I thought this would do the trick but unless it has some mechanism controlling its outflow, the queue empties too fast and it never exhibits drr weightings (not exactly sure why this is). As soon as there is selection pressure, however, it works exactly as it is supposed to. tc qdisc add dev eth0 handle 1 root drr tc class add dev eth0 parent 1: classid 1:1 ...


4

when a user connects to OpenVPN the following learn-address script is called The $1, $2, and $3 are the arguments passed to the script, that are documented in the man page. --learn-address cmd ... Three arguments will be appended to any arguments in cmd as follows: [1] operation -- "add", "update", or "delete" based on whether or not the address is ...


4

Creating delays can be simulated by the traffic shaping algorithms supported by the Linux kernel. From the netem manual: # tc qdisc add dev eth0 root handle 1: prio # tc qdisc add dev eth0 parent 1:3 handle 30: tbf rate 20kbit buffer 1600 limit 3000 # tc qdisc add dev eth0 parent 30:1 handle 31: netem delay 200ms 10ms distribution normal # tc filter add ...


4

The filter priority isn't family specific. So, your commands to create filters should look like: /sbin/tc filter add dev eth0 parent 1:0 prio 1 protocol ip handle 1/0xF fw flowid 1:1 /sbin/tc filter add dev eth0 parent 1:0 prio 2 protocol ip handle 2/0xF fw flowid 1:2 /sbin/tc filter add dev eth0 parent 1:0 prio 3 protocol ip handle 3/0xF fw flowid 1:3 /...


3

drr is a scheduler, you still have to allocate different bandwidth to classes with htb. I guess you though specifying quantum as 600 and 1400 will give close to 1:2 ratio. In fact it will not. You may get close to that ratio on your config only in case of congestion, e.g. create multiple UDP streams, and then measure two in question, but it's still not the ...


3

I had to do exactly this. I found that the answer suggested by @Thusitha was the correct way to do it for new kernels. Tested with the Debian wheezy kernel 3.2.0-4 and iproute (from where the tc command comes from) version 20120521-3+b3 Here is the complete script, the tc filter lines being almost exactly as specified by @Thusitha function qos() { if=...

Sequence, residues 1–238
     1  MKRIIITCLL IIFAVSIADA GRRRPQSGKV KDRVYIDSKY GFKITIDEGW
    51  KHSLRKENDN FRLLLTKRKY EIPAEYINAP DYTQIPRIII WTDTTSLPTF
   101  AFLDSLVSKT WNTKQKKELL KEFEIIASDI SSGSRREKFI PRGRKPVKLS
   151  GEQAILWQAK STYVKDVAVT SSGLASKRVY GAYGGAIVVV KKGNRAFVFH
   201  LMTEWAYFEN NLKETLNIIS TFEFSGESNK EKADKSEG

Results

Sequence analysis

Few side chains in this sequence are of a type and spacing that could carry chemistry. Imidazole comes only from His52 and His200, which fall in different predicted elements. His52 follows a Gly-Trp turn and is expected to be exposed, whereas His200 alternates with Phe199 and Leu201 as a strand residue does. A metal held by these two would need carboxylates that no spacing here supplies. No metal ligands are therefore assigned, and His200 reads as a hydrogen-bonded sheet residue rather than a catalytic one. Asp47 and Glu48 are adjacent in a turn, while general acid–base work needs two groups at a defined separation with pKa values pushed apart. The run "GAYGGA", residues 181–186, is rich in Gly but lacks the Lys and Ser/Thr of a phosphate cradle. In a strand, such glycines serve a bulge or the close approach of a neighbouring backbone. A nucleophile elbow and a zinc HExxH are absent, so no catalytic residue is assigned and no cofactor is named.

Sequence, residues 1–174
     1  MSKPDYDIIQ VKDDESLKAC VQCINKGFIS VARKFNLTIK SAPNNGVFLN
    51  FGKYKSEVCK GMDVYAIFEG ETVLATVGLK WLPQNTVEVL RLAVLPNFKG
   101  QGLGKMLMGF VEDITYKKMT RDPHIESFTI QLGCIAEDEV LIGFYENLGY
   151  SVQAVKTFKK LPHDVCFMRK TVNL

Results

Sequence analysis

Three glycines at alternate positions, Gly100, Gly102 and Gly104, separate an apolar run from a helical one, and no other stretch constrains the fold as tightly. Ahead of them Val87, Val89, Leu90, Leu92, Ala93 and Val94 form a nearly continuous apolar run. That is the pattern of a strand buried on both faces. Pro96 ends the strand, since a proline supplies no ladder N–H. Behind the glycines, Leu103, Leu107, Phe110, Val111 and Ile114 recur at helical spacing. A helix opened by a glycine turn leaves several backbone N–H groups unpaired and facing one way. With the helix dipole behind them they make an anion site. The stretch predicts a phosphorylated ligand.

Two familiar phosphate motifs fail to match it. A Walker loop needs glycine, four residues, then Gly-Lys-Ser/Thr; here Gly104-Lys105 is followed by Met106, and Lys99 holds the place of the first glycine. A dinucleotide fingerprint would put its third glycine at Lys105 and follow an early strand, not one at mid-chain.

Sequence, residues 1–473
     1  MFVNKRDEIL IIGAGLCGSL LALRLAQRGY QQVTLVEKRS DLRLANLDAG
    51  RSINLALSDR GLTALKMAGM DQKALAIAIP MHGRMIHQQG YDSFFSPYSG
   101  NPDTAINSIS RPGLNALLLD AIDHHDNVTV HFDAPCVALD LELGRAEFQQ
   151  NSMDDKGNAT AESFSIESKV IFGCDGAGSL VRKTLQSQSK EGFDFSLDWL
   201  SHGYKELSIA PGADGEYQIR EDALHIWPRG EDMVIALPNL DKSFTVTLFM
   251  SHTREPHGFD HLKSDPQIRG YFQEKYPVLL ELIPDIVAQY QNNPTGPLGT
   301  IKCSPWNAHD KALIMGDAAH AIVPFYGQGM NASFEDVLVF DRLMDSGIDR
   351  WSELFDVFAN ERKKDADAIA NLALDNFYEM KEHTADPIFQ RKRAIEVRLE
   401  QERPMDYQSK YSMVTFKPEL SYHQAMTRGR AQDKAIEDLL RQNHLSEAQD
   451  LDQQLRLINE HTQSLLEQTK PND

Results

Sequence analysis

3

The question is rather old, but just in case someone comes across a similar problem. Parameter all can be used for protocol instead of ip to also filter for other traffic like arp. tc filter add dev $IF_LAN parent 1: protocol all prio 7 u32 match u32 0 0 flowid 1:190 Also match u32 0 0 is a shorter expression to filter all traffic.


3

Based on Sérgio Carvalho answer I made small bash script to limit bandwidth: File name: netspeed #!/bin/bash #USAGE: sudo ./netspeed -l limit_in_kbit -s usage="sudo $(basename "$0") -l speed_limit -s -l speed_limit - speed limit with units (eg. 1mbit, 100kbit, more on \`man tc\`) -s - remove all limits " # default values LIMIT=0 STOP=0 # hardcoded ...


3

In your example, you are trying to add two root qdiscs on the egress. The second command fails because you already have a root qdisc, and only one is allowed. Instead, create the root qdisc, then a child class for it, and then add your second qdisc as a child of the class. For example: tc qdisc add dev eth0 root handle 1:0 cbq avpkt 1000 bandwidth 10kbit tc ...


3

Yes it is the right tool. In fact the traffic shaping is implemented on kernel level. tc is the userland interface tool to control it. It is part of the iproute2 package. http://lartc.org/ has good documentation or see also references in How to do traffic shaping (rate limiting) with TC per OpenVPN client rate in HTB classes is used to set the minimum ...


3

Use this example: tc qdisc del dev eth1 root tc qdisc add dev eth1 root handle 1: htb default 10 tc class add dev eth1 parent 1: classid 1:10 htb rate 1mbit ceil 1mbit tc class add dev eth1 parent 1: classid 1:11 htb rate 1mbit ceil 1mbit tc class add dev eth1 parent 1: classid 1:12 htb rate 1mbit ceil 1mbit Add more if needed tc filter add dev ...


3

Your solution relies on web browser behaviour to set IP ToS field accordingly. This could be relied upon only in trusted environment. I can easily write mangle rules on my machine to flatten all ToS into some single value and your TC rules wouldn't be able to distingush my bulk from browsing. Also, I wouldn't be sure that all browser and other http(s) ...


3

This could be done the way I describing below. First we should change the root discipline of interface (usually pfifo_fast) with the prio one: tc q a dev eno1 root handle 1: prio This command creates qdisc on eno1 with 3 classes by default (1:1 - the highest priority, 1:2 - middle, 1:3 - the lowest priority). Normally all the regular traffic goes to 1:2, ...


2

It is possible. I believe tc(8) man is not comprehensive. Citing from man7.org/tc(8): tc filters If tc filters are attached to a class, they are consulted first for relevant instructions. Filters can match on all fields of a packet header, as well as on the firewall mark applied by ipchains or iptables. Just checked on my Linux 5.0.3-zen1-2-zen ...


2

I made a script to do what @alvosu described for anyone interested. http://blog.roeften.com/2017/01/mask-calculator.html Currently it will include more ports on the right of the range. The fiddle is at http://jsfiddle.net/hp6dfnvg/13/ A messy python implementation as well: import logging logging.getLogger().setLevel(logging.DEBUG) fp = ...


Only top voted, non community-wiki answers of a minimum length are eligible